At Skippr we take a more holistic approach to cash flow management. There are quite a few moving parts in the purchase-order-to-payment cycle such as invoicing, credit checking, bank reconciliation and chasing debtors. Instead of building tools to manage with each step in this cycle, our tools help businesses understand cash flow drivers and how to optimise cash flow through invoice funding. What does this mean?
Firstly, through our cash flow forecasting tool businesses can identify particular points in the future when they are likely to run low on cash. Businesses can see how accelerating invoice payments from customers can help them take control of their cash flow and avoid cash crunches. Secondly, we provide the mechanism for businesses to actually accelerate invoice payments through invoice finance. Having more clarity and understanding of cash flow drivers, businesses can smooth out their cash flow cycle using the selective invoice finance tool.
TFG: What is Skippr, what do you aim to do, and what are the main features?
Skippr: Skippr is a cash flow management platform. Our vision is to make the cash flow tool into a SME robo-advisory app where a user can easily understand the key drivers impacting cash flow but also give them the levers or tools to control and ‘optimise’ their cash flow. A strong growing business needs to be able to drive as much value out of every dollar in their business. We want our platform to give them the knowledge and tools to achieve that.
A SME can begin their journey with Skippr using the free Cash Flow Forecasting tool that syncs to their online accounting software. Once connected, the user can simply model their cash flow based on expected sales and expenses based on their current cash balance and outstanding invoices and payables. Building and testing scenarios, a predictive analytics model will advise on receivables and payables behaviour based on retrospective data.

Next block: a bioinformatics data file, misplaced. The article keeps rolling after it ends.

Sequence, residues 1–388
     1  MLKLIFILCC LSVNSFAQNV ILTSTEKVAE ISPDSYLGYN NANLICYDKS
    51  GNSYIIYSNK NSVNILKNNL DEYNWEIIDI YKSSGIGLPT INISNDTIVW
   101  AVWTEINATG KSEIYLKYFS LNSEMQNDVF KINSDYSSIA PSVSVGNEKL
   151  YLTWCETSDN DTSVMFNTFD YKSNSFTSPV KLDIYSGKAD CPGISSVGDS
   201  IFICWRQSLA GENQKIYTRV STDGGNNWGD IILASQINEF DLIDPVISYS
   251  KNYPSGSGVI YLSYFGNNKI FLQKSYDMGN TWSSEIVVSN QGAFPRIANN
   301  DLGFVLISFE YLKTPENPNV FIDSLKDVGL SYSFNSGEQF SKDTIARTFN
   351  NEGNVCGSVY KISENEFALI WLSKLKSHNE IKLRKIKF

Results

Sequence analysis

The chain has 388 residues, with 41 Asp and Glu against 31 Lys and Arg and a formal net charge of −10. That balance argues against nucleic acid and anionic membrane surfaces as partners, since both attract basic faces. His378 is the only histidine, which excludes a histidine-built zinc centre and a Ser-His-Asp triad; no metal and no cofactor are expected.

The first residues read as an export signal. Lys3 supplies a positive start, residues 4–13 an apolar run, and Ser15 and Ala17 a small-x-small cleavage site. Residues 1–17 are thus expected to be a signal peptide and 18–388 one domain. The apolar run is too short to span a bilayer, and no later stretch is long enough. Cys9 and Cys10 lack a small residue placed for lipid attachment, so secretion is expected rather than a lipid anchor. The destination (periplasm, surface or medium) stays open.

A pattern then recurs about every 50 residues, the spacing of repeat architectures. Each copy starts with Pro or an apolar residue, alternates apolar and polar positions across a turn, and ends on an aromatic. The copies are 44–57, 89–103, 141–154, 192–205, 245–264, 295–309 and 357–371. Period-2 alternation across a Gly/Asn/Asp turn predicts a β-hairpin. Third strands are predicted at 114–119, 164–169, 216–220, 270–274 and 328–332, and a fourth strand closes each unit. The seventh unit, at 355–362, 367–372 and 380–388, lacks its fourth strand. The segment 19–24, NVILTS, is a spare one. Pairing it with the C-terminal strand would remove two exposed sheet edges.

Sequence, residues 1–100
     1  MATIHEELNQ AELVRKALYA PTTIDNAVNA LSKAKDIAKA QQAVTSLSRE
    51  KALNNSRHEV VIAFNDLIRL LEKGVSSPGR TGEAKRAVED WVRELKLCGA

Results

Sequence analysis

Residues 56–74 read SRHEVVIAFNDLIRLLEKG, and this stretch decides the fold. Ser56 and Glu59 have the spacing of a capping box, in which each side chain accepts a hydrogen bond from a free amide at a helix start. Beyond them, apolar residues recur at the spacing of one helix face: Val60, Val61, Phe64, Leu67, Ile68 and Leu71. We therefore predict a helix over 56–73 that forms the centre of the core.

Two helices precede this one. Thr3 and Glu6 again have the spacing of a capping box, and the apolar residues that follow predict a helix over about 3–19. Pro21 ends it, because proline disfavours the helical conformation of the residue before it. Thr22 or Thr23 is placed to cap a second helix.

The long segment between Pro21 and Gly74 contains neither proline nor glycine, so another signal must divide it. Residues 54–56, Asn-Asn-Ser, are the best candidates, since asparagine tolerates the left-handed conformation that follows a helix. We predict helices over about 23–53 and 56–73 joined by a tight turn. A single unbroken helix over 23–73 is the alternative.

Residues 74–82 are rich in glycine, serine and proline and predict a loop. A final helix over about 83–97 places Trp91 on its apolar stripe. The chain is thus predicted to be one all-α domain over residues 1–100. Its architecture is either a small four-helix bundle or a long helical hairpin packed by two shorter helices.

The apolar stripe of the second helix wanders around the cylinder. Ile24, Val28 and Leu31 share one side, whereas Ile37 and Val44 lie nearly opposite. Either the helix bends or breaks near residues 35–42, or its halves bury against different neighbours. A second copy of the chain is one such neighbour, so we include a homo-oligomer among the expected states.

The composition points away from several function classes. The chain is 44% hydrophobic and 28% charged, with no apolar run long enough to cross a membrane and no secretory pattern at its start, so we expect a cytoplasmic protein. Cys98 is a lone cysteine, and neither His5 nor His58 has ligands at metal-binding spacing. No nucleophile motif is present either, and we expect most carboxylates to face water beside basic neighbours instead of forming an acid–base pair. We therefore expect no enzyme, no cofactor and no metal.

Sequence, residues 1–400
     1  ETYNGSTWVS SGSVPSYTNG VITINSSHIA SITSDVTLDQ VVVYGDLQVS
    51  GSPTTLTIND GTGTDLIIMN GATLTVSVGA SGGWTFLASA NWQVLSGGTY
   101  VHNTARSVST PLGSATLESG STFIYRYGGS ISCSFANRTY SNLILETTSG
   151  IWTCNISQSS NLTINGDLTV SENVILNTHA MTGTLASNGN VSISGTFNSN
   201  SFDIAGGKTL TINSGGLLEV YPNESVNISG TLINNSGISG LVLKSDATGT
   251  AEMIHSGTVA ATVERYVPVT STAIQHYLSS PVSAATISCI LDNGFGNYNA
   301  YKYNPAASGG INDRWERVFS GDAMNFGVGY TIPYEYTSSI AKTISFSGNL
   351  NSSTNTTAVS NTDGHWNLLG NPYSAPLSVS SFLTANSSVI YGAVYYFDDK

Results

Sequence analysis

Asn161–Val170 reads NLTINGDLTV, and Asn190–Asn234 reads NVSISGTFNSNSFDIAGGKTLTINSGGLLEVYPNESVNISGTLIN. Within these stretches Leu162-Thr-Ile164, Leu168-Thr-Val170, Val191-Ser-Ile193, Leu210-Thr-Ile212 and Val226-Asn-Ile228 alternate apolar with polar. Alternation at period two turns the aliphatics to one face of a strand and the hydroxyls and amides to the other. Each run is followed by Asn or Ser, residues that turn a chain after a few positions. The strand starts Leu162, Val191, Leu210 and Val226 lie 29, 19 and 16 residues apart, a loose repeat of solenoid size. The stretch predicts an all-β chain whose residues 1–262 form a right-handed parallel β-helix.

Understanding their future cash flows, the user can then optimise cash flow using the invoice finance tool. The user selects invoices they wish to accelerate payment to boost cash flow when required. These invoices reviewed and approved for sale by Skippr, are then sold to an investor and the funds are then advanced within 24 hours. This all occurs in one app.
TFG: Who are your main competitors?
Skippr: Really depends on how broad or narrow you want to look.
From a lending perspective, short-term lending for SMEs has become far more accessible in the last 18 months with a plethora of short-term lenders complemented by a handful of invoice funding platforms fighting to fill a reported $60bn funding gap left by the big four banks. Looking ahead, over the coming 18 months, the true market leaders will be defined by the strength of their customer origination, risk management and strategic partnerships.
Looking at forecasting tools in the market, there are also a plethora of apps available that provide forecasting and cash flow management. Some are built for an accountant, some are built for an SME. Based on these users, there level of sophistication varies, as does the monthly cost.
Looking at our competition there are very few that have tried solving the problem cash flow problem holistically. There are many moving parts to the cash conversion cycle – purchase order to payment. The funder or technology provider that builds or partners with tools that make the cash flow cycle process more transparent, seamless and lower risk, will be the market leaders in the SME space.